I have to thank whom ever assembled the General Non-Fiction (LaTex) package together. Without it, I may not have even considered using Scrivener for my particular project. I may have defaulted to using Word (gasp!) with not even a fraction of the capabilities that I now have using Scrivener+LaTeX.

Thanks again!

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For most all my writing projects I use this template (with my small tweaks). I really like the TOC and indexing which impresses my clients. No equations though! not yet at least. :wink:

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Thank you everyone for your replies and tips.
Unfortunately it has confirmed my disappointment with the lack of any decent integration of equation editing with Scrivener.
The Scrivener Latex template seems, if I understand it correctly, to be good if you are trying to essentially compose an entire document using Latex and just want to use Scrivener as a container and organizer of your Latex components-- which is fine if LaTex is your primary target.
But what I am needing is the ability to compose a document in Scrivener, but include mathematical expressions and equations. Editing those mathematical pieces directly in LaTex markup is fine (since I am very familiar with the LaTex markups), but stepping out to some external LaTex editor and then re-exporting an image of the rendered expression and then importing that as an image into Scrivener (and then doing that all over again every time you need to edit the expression) is just plain klunky and inconvenient.
That being said, the least inconvenient solution here seems to be the use or FormulaSheet. It too requires the klunky image export/import process, but at least it provides a convenient organizer to maintain the various LaTex pieces.
Thanks again everyone for your input though.

Scrivener developers – I know it’s not your highest priority, but hope you can get to actually solving this deficiency in what is otherwise a GREAT tool.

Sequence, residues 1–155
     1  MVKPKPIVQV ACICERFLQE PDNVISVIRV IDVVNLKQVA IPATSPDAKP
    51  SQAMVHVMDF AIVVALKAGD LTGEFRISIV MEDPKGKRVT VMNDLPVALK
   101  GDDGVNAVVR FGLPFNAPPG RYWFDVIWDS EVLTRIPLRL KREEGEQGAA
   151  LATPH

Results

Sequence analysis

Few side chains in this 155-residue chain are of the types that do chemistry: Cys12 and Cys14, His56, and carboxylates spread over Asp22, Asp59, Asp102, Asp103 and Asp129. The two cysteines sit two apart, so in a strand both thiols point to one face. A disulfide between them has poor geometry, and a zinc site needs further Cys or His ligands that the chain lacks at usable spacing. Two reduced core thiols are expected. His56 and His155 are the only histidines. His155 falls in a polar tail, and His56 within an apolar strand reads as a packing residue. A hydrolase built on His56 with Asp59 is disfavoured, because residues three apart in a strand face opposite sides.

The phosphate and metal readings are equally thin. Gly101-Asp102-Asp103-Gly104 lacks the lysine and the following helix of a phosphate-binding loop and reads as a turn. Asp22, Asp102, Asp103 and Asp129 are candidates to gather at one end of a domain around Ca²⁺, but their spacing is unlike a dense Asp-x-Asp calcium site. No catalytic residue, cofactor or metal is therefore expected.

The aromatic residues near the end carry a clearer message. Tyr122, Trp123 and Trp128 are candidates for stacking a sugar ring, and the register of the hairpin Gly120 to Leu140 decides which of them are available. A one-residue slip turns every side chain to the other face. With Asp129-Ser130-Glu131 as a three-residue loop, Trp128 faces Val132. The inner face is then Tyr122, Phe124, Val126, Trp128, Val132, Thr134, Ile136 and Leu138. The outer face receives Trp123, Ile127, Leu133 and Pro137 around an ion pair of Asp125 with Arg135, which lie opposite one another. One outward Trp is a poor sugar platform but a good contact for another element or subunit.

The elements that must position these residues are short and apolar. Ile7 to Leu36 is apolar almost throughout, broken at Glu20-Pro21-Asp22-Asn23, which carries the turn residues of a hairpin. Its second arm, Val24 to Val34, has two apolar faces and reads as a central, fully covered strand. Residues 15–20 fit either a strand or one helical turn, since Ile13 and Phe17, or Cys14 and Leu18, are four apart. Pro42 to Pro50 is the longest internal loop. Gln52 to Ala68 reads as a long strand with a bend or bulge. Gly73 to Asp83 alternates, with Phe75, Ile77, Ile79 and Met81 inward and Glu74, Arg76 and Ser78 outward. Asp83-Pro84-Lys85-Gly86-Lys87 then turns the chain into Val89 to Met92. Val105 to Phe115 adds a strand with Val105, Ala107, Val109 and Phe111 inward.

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Did you see this recommendation?

Yes. But they are recommending it as an external tool (therefore with the problems I outlined.)
Hopefully they will integrate it in the same way they had integrated MathType before.


I think you are misunderstanding our MathType “integration.” MathType was always an external tool as well. The “Insert MathType Equation” menu command worked similarly to the current “Insert Bibliography/Citations” command, which launches the third party citation manager of your choice.

While it’s possible to use LaTeXiT to create an equation image, you can also use it to generate raw LaTeX markup.

An end-to-end example would help a lot, but I’m assuming we’d write LaTeX code in Scrivener, compile to .txt using the built-in LaTeX format, open in LaTeXiT, and export from there. Correct?

LaTeXiT is a standalone equation markup generator. So you have two possibilities.

If you prefer Word or PDF output, use LaTeXiT’s palettes to create the equation you want, then add it to Scrivener as an image. When I work this way, I put the raw LaTeX markup in a comment or document note to facilitate editing if needed.

If you are using a Markdown/LaTeX workflow, use LaTeXiT to create the equation you want, then drop the resulting LaTeX markup directly into Scrivener. Scrivener can pass it directly through to your LaTeX post-processor. (See Section 24.5.3 in the manual, which explains how to use Styles to protect this sort of markup from the Compile command.)


More information about LaTeXiT here: LaTeXiT

It is also part of the MacTeX download package, which you can find here:

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Sample LaTeXiT window. Both the image (top) and the markup (bottom) are copy/paste-able.

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After installing LaTeXiT and MacTex, I’m not a bit surprised that clicking on Help in LaTeXiT does nothing. No help at all. Maybe I have to search for something to get help … but what would I search for?

(Nope. That doesn’t work, either. Searching for sum — which is a thing in LaTeXit — takes me to general Mac help.)

This is useful, though: